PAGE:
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A new analysis of peer-reviewed research conducted by the Environmental Working Group (EWG) has found that hundreds of animal species, from ticks to whales, are contaminated with toxic PFAS. The analysis highlights the breadth of contamination across the globe, with the chemicals found in a range of species such as scorpions, pandas, Siberian tigers, turtles, horses, dogs, plankton, sea lions, wild boar, otters, and oysters.

PFAS are a class of chemicals used to make thousands of consumer products resistant to water, stains, and heat, and they are known as “forever chemicals” because they do not naturally break down. They have been linked to serious health problems, including cancer, liver disease, kidney stress, and fetal complications.

While the analysis does not reveal how exposure to PFAS affects wildlife, anecdotal evidence in some of the previous studies shows that the chemicals are likely sickening animals. The highly mobile chemicals accumulate and continuously cycle through the environment because they do not break down, which means even animals in remote parts of the world can be contaminated with high levels of PFAS.

The impact on animals’ health remains unclear, but last year, researchers in North Carolina found autoimmune disorders similar to lupus in alligators living in water contaminated by a nearby PFAS plant owned by chemical manufacturer Chemours. Researchers also found evidence of immune system issues in north Pacific sea turtles.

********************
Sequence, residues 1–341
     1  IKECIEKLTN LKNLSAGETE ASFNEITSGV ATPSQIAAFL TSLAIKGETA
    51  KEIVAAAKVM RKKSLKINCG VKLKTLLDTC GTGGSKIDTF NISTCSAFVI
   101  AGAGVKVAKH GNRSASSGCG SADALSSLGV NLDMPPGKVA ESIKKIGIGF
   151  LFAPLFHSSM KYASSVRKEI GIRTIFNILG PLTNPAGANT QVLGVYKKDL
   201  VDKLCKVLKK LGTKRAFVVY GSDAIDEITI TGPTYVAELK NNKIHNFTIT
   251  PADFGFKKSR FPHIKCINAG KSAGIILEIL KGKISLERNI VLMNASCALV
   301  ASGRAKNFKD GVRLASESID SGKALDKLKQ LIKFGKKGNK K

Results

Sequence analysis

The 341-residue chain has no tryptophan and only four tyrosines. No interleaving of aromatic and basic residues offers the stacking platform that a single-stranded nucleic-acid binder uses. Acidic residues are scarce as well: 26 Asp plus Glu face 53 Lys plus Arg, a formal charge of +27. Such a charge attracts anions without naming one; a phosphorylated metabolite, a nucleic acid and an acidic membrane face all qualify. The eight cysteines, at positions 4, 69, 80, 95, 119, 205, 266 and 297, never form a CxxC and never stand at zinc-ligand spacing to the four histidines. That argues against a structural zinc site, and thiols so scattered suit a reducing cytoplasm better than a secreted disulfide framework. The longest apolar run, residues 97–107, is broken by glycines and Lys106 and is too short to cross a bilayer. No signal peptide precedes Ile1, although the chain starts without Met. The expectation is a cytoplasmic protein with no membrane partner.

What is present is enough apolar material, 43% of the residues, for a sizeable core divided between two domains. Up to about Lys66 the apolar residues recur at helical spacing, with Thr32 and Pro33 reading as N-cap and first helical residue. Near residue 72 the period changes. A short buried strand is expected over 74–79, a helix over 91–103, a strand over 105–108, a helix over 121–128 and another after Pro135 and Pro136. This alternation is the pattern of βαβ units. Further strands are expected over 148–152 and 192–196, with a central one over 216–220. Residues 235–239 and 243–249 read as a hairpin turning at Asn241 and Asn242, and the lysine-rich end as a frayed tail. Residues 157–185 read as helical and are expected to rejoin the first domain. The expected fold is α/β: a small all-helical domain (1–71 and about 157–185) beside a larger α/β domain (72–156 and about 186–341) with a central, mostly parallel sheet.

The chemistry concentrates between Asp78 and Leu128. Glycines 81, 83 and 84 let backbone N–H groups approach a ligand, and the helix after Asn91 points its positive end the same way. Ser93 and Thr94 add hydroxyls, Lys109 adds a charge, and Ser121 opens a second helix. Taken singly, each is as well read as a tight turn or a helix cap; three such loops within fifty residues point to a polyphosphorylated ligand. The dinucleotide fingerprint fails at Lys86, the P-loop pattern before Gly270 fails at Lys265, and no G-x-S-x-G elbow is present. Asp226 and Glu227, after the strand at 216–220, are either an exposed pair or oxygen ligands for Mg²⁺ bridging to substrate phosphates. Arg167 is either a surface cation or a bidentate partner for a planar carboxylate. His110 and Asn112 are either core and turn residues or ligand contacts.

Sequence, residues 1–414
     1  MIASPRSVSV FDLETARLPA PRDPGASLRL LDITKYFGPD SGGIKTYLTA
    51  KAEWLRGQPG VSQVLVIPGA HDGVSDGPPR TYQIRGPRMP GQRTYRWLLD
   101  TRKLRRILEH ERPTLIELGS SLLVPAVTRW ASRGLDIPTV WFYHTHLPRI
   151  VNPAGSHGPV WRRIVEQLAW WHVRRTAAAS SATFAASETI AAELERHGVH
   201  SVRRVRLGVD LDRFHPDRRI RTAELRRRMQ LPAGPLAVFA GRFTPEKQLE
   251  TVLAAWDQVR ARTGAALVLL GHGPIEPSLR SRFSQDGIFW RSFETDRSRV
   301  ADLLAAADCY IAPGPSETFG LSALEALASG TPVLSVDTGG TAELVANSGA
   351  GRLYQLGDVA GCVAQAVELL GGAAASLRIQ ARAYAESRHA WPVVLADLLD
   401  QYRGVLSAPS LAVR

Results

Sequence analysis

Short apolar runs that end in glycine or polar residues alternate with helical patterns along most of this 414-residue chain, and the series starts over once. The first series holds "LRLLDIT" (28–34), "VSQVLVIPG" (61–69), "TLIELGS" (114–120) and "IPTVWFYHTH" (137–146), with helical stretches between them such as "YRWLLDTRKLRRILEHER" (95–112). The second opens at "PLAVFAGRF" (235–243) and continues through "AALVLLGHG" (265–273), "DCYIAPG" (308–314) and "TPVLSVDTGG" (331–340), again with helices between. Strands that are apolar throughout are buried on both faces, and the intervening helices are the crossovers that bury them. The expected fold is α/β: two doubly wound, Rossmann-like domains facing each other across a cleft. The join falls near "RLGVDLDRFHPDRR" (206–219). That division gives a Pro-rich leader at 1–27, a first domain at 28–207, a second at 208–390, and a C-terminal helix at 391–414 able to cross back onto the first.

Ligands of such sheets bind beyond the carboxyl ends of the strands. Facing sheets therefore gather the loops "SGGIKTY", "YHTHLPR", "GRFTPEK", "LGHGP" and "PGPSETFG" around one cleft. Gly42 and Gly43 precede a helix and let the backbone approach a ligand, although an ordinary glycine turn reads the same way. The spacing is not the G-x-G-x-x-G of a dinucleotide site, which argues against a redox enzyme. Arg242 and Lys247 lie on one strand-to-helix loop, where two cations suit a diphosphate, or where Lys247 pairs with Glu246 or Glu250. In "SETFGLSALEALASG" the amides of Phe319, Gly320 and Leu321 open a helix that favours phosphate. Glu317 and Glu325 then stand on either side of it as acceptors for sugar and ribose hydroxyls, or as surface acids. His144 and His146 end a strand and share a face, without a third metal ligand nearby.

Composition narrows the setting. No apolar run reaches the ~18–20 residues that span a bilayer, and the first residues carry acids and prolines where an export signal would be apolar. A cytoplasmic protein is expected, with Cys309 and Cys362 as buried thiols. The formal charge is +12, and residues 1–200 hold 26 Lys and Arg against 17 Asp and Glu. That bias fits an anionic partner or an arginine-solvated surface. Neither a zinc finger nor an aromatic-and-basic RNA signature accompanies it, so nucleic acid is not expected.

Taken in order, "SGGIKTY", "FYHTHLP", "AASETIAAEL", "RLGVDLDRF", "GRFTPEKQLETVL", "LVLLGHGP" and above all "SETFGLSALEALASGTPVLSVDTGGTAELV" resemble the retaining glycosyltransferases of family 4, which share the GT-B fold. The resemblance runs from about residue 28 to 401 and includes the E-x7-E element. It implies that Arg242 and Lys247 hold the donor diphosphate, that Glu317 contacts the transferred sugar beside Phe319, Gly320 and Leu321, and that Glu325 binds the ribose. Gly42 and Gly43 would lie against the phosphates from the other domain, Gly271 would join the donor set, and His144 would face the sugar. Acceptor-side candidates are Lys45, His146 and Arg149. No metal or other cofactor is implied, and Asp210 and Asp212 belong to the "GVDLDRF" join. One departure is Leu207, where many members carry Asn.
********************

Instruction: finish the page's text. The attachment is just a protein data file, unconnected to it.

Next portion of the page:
The EWG has developed an interactive map that shows which animal species were studied, where they were analyzed, and the levels and types of PFAS found in their bodies. The breadth of the contamination is “sobering,” said David Andrews, a senior scientist with the EWG. “It has taken six decades of research on humans to really understand how these chemicals impact our biology in so many different ways … and there’s no reason to believe those same impacts are not also occurring in wildlife.”

The Federal data shows that nearly all Americans’ blood is contaminated with the compounds, but research on wildlife has been scattered until the EWG analysis aggregated it. Researchers have found about 120 kinds of PFAS compounds in animals’ blood, though that figure is likely higher because limits on testing capabilities make it difficult to identify many of the chemicals.

This analysis is a clear indication that no more of this contamination should be going out into the environment. Governments and industries need to take responsibility and restrict the use of PFAS. As individuals, we can do our part by being mindful of the products we use and disposing of them responsibly.

By reducing our dependence on products containing PFAS, we can reduce the demand for these harmful chemicals and encourage businesses to move toward safer alternatives. The EWG’s interactive map is a powerful tool for individuals to see which animal species are affected and where the contamination is occurring.

Together, we can work towards a healthier, cleaner, and safer environment for all living beings.

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